Status of the volcanically threatened Montserrat Oriole <i>Icterus oberi</i> and other forest birds in Montserrat, West Indies. Arendt, W. J.; Gibbons, D. W.; and Gray, G. Bird Conservation International, 9(4):351–372, USDA Forest Service, Intl. Institute of Tropical Forestry, Sabana Field Research Station, PO Box 490, Palmer, 00721, Puerto Rico, 1999.
abstract   bibtex   
The Montserrat Oriole Icterus oberi is endemic to the Caribbean island of Montserrat where, prior to 1995, it was widely distributed across the island's three main interior mountain ranges: the Centre, Soufriere and South Soufriere Hills. In July 1995, a long-dormant volcano on Chances Peak in the Soufriere Hills began to erupt. Since then the forest habitat of the oriole on the Soufriere and South Soufriere Hills has been devastated by pyroclastic flows and surges, heavy ash eruptions and rock falls. The Montserrat Oriole populations that inhabited these two mountain ranges have probably been lost. In December 1997, a census of the remaining Centre Hills population was undertaken to assess its status in the face of the heavy ash fall that occurred earlier the same year. To do this, a systematic grid of 140 sample points was overlaid on an area of 1,437·5 ha encompassing the Centre Hills, and a 10-minute count of all bird species was undertaken at 137 of these points during an eight-day survey period. The distance from the point to each oriole detected was measured and records of all other species were allocated to one of five distance bands radiating out from the point. Distance sampling was used to model densities, and thus to estimate population sizes, of eight bird species in the study area. It was estimated that 4,000 (95% CIs 1,500-7,800) Montserrat Orioles remain in the Centre Hills and thus the world. Although the probability of pyroclastic flows and surges overrunning the Centre Hills is considered remote, it is recommended that the Montserrat Oriole be classified as Globally Threatened (Endangered) under the revised IUCN threat categories because of its loss of breeding habitat since 1995.
@ARTICLE{Arendt1999,
  author = {Arendt, W. J. and Gibbons, D. W. and Gray, G.},
  title = {Status of the volcanically threatened Montserrat Oriole \textit{Icterus
	oberi} and other forest birds in Montserrat, West Indies},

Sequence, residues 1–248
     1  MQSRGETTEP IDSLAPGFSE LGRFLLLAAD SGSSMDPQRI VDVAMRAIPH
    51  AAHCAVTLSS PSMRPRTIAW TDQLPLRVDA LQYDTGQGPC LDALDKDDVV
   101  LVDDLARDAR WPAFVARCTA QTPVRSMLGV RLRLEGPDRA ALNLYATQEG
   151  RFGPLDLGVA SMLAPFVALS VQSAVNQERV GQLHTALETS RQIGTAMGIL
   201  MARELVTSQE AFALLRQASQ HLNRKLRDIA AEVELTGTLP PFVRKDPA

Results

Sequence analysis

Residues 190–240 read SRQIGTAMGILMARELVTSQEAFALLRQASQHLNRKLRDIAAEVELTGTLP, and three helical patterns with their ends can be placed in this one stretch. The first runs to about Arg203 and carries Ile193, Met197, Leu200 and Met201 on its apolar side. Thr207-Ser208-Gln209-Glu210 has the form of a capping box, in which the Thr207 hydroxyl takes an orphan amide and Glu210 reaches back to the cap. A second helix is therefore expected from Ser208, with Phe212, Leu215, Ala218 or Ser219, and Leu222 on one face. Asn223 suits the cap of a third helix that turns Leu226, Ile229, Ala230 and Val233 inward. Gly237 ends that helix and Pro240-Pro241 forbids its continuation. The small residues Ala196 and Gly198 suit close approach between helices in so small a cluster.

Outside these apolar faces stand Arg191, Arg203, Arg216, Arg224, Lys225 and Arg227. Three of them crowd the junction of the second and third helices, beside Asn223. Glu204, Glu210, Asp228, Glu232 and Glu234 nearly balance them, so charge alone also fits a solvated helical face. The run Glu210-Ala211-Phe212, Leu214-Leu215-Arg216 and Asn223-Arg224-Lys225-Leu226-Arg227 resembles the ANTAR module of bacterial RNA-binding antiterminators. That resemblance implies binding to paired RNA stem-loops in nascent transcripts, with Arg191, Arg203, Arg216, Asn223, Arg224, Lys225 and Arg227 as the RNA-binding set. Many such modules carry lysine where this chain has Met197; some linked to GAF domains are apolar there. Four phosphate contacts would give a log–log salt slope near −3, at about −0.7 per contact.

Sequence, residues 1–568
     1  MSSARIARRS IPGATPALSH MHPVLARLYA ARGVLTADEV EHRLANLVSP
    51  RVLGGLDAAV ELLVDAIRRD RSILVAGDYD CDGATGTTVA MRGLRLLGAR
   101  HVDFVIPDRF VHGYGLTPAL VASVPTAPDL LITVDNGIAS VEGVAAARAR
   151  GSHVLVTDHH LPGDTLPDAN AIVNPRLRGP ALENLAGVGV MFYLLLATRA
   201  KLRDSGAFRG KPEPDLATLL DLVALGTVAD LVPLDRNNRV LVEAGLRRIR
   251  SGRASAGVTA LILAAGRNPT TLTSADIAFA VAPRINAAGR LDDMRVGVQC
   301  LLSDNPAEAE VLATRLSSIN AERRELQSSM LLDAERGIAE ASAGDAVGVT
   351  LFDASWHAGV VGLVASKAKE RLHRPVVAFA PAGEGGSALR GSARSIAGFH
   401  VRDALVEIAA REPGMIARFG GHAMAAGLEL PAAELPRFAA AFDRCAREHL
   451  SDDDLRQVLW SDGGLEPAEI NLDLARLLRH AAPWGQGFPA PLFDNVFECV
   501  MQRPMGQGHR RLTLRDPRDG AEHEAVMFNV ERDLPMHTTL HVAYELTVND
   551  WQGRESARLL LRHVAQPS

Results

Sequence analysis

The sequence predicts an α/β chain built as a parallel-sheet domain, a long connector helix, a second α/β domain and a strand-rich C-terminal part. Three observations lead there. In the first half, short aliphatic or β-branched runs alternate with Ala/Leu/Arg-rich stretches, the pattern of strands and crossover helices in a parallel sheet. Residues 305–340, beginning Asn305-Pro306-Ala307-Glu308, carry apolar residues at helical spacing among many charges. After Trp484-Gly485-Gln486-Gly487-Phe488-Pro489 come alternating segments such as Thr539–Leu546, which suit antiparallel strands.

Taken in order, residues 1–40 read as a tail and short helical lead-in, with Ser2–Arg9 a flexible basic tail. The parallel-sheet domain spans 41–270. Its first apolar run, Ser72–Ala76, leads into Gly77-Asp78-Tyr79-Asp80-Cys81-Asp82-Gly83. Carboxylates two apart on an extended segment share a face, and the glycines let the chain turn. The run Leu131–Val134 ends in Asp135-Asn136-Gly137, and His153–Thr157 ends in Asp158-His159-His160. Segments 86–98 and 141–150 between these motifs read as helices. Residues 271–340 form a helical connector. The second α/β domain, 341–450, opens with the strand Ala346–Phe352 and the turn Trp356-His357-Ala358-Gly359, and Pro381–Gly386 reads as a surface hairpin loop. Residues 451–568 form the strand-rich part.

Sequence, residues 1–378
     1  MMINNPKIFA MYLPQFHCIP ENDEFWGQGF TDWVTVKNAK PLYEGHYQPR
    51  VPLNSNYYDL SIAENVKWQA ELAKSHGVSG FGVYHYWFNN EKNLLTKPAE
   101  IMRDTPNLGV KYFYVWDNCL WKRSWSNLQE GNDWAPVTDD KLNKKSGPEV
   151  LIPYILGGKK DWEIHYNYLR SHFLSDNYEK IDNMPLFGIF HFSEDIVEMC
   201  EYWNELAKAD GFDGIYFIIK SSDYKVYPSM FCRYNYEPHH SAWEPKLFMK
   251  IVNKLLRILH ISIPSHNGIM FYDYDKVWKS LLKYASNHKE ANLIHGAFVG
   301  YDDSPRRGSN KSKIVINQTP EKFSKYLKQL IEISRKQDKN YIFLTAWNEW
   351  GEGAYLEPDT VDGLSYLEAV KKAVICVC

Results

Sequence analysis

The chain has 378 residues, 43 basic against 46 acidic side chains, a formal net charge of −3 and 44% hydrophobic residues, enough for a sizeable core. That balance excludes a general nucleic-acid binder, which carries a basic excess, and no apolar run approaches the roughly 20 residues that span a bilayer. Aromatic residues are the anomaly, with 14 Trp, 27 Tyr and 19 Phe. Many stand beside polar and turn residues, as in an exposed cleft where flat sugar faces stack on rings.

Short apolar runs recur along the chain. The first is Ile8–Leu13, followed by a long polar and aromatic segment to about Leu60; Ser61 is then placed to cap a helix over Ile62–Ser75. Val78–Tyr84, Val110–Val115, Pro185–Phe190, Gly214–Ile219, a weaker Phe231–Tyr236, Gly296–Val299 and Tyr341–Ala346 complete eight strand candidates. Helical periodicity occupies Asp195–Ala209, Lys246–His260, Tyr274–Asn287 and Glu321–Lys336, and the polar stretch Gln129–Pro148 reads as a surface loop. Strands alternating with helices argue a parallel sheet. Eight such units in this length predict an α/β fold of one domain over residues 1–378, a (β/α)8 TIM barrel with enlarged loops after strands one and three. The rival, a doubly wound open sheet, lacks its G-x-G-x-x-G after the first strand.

journal = {Bird Conservation International},
  year = {1999},
  volume = {9},
  pages = {351--372},
  number = {4},
  abstract = {The Montserrat Oriole Icterus oberi is endemic to the Caribbean island
	of Montserrat where, prior to 1995, it was widely distributed across
	the island's three main interior mountain ranges: the Centre, Soufriere
	and South Soufriere Hills. In July 1995, a long-dormant volcano on
	Chances Peak in the Soufriere Hills began to erupt. Since then the
	forest habitat of the oriole on the Soufriere and South Soufriere
	Hills has been devastated by pyroclastic flows and surges, heavy
	ash eruptions and rock falls. The Montserrat Oriole populations that
	inhabited these two mountain ranges have probably been lost. In December
	1997, a census of the remaining Centre Hills population was undertaken
	to assess its status in the face of the heavy ash fall that occurred
	earlier the same year. To do this, a systematic grid of 140 sample
	points was overlaid on an area of 1,437·5 ha encompassing the Centre
	Hills, and a 10-minute count of all bird species was undertaken at
	137 of these points during an eight-day survey period. The distance
	from the point to each oriole detected was measured and records of
	all other species were allocated to one of five distance bands radiating
	out from the point. Distance sampling was used to model densities,
	and thus to estimate population sizes, of eight bird species in the
	study area. It was estimated that 4,000 (95% CIs 1,500-7,800) Montserrat
	Orioles remain in the Centre Hills and thus the world. Although the
	probability of pyroclastic flows and surges overrunning the Centre
	Hills is considered remote, it is recommended that the Montserrat
	Oriole be classified as Globally Threatened (Endangered) under the
	revised IUCN threat categories because of its loss of breeding habitat
	since 1995.},
  address = {USDA Forest Service, Intl. Institute of Tropical Forestry, Sabana
	Field Research Station, PO Box 490, Palmer, 00721, Puerto Rico},
  owner = {eric},
  subdatabase = {distance},
  timestamp = {2006.11.22}
}
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